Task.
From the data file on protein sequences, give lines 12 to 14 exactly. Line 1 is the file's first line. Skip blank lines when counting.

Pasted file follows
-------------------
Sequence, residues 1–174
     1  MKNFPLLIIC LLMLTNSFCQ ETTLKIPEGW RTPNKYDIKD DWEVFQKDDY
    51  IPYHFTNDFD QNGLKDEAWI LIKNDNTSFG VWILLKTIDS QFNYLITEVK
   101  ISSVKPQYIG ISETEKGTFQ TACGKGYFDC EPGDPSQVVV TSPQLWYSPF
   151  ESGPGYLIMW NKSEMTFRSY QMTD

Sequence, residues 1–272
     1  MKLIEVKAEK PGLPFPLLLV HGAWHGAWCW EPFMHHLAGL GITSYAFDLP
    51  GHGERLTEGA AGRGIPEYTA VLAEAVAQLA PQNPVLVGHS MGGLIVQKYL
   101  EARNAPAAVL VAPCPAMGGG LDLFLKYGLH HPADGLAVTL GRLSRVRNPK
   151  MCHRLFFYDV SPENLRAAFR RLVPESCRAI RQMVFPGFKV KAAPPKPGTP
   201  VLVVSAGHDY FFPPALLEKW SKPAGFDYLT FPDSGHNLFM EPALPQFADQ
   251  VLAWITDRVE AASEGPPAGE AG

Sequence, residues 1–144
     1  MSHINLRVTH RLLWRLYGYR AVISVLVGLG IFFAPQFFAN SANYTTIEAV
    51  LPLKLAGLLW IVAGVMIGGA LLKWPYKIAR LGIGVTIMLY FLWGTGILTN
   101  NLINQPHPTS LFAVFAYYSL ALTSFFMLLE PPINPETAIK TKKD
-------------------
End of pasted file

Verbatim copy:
   251  VLAWITDRVE AASEGPPAGE AG

Sequence, residues 1–144
     1  MSHINLRVTH RLLWRLYGYR AVISVLVGLG IFFAPQFFAN SANYTTIEAV